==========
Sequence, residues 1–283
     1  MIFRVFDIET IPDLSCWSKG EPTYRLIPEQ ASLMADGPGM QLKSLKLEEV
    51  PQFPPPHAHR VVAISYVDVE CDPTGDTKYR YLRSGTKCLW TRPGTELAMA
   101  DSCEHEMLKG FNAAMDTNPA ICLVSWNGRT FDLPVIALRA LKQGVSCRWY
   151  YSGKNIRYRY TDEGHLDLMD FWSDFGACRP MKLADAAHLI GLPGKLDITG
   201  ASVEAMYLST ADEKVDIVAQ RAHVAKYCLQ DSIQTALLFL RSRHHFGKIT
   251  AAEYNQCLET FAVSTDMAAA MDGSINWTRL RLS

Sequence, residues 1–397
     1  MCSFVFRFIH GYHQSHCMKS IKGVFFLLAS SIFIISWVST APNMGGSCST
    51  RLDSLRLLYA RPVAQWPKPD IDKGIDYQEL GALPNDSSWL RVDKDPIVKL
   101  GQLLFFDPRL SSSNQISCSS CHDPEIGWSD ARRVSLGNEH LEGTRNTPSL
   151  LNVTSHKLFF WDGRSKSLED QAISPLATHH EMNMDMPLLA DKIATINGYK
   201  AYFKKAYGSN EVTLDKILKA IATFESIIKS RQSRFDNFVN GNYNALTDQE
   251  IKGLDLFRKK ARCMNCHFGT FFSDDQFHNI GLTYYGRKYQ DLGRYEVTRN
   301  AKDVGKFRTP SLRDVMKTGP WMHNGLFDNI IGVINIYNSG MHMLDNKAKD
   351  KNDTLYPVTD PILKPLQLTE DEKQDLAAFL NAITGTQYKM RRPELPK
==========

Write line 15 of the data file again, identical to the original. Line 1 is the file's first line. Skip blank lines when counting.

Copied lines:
   301  AKDVGKFRTP SLRDVMKTGP WMHNGLFDNI IGVINIYNSG MHMLDNKAKD